Is knee, shoulder or hip surgery for a recipient safe?
At the March education meeting, we will discuss the risks and benefits of surgery, how to prepare for your after-care, and steps to take to prevent post-surgery complications.
As bone mineral density declines with age, it is often accelerated by immunospressive medications, corticosteroids, and immobility in a post-transplant patients (1), and recipients have the potential to develop painful osteoporotic fractures (2).
Hip or knee surgery provides joint pain relief and dramatic improvement in quality of life for transplant recipients, however it needs a multidisciplinary team approach. The transplant team should consult with the surgeon prior to surgery.
Join us as Dr. Jarbo from OrthoArizona educates us on the common issues faced by organ transplant recipients that are in need of a joint replacement or surgery.
A graduate of the David Geffen School of Medicine at UCLA, Dr. Jarbo completed his surgery residency in orthopedics at Banner Good Samaritan Orthopedic Surgery and established his practice in Phoenix. Dr. Jarbo specializes in knee, shoulder, and elbow surgery including ligament reconstruction of the knee (ACL/PCL) and elbow (UCL or “Tommy John”), cartilage restoration procedures, rotator cuff and labral surgery, minimally invasive knee and shoulder replacements, reverse shoulder replacement and fracture care.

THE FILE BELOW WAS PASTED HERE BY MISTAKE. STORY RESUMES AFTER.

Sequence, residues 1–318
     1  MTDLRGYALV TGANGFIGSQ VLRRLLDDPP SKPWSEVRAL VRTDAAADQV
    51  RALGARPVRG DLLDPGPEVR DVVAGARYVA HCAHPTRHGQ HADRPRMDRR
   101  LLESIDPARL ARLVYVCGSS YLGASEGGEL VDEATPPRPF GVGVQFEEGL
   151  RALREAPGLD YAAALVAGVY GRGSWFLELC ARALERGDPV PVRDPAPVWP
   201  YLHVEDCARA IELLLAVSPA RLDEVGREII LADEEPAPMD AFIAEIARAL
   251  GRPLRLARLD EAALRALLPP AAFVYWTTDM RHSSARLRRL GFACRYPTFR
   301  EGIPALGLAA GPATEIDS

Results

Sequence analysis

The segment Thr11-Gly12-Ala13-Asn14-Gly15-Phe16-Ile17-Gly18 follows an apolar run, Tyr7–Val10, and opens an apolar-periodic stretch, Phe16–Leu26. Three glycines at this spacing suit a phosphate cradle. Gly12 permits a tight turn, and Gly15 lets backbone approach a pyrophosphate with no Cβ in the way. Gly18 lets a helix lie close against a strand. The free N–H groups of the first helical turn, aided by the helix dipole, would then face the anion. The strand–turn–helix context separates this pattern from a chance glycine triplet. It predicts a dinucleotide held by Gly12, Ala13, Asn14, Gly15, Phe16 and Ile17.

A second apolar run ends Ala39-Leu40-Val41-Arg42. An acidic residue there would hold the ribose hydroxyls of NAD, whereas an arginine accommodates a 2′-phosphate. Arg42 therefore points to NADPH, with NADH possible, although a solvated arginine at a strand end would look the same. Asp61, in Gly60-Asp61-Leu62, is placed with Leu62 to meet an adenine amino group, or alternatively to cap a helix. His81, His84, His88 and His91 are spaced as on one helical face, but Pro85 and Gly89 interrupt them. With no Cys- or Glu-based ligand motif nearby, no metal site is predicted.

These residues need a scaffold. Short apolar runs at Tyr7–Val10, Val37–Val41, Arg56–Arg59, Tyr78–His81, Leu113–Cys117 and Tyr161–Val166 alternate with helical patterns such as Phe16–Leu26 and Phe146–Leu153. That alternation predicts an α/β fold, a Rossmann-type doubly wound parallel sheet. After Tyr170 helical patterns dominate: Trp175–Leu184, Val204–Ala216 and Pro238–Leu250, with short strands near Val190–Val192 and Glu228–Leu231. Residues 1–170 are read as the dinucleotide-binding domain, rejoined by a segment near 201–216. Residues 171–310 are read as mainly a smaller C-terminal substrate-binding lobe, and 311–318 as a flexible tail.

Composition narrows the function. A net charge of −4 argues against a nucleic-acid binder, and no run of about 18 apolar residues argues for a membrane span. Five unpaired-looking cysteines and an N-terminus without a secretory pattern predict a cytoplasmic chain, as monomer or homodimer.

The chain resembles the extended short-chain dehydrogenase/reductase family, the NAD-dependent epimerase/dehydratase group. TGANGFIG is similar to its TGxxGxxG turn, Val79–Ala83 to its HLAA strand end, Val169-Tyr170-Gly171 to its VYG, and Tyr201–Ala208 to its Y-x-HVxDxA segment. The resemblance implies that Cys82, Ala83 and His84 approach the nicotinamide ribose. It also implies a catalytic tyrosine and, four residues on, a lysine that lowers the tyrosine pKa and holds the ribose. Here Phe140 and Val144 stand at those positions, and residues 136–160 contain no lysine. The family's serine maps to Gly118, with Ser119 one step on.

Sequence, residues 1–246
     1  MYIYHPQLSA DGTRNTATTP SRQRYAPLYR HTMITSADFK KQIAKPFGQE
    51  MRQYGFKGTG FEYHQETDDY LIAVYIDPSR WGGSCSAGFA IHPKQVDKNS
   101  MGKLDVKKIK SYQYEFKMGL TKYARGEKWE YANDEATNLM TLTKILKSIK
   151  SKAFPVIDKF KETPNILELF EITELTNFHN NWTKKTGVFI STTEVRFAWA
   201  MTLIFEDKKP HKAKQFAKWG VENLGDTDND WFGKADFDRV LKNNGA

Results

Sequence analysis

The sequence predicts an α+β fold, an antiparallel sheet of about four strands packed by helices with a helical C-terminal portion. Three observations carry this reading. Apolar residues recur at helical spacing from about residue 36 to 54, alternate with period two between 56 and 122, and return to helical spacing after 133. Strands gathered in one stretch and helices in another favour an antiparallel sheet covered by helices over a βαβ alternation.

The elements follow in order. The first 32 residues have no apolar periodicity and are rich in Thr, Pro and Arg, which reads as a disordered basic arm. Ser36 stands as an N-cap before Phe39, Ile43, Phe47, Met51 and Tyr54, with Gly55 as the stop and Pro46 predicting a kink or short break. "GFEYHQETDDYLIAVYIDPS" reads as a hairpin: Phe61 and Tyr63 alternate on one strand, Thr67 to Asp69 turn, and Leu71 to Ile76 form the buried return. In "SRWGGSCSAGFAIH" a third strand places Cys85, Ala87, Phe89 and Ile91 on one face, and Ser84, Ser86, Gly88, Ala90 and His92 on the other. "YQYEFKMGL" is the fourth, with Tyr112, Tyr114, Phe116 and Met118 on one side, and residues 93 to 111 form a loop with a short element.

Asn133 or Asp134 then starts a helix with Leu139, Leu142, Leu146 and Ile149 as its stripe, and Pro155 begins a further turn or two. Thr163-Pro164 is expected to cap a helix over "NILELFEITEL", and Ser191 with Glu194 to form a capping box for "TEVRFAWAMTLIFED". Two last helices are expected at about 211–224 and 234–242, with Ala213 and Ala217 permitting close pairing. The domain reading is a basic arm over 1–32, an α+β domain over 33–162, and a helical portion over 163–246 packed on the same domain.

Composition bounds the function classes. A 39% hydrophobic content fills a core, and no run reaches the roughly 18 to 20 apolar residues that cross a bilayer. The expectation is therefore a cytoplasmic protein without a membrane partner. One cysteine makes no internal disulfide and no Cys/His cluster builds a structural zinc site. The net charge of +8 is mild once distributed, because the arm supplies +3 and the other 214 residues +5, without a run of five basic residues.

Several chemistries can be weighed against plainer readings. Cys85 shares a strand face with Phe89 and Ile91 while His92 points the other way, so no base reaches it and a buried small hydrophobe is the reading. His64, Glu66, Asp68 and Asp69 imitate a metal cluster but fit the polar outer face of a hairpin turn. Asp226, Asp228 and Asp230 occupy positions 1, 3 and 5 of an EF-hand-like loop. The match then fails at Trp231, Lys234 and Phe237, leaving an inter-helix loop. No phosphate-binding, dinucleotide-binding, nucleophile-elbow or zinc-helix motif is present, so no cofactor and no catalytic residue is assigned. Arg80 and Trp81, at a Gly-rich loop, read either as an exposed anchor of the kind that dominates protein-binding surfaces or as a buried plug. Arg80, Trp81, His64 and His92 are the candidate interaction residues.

Light food and beverages at 5:30 and presentation at 6:00 pm. Meeting will be in the Conference Room on the first floor south of the Cafe. Free parking.
McDonaldJA,DunstanCR,DilworthP,SherbonK,SheilAG, Evans RA, et al. Bone loss after liver transplantation. Hepatology 1991;14:613-619
Brian T. Nickel, MD, Cameron K. Ledford, MD, Tyler Steven Watters, MD,∗ Samuel S. Wellman, MD, and Michael P. Bolognesi, MD, Arthroplasty in organ transplant patients, Arthroplasty Today. 2015 June, 10.1016/j.artd.2015.04.002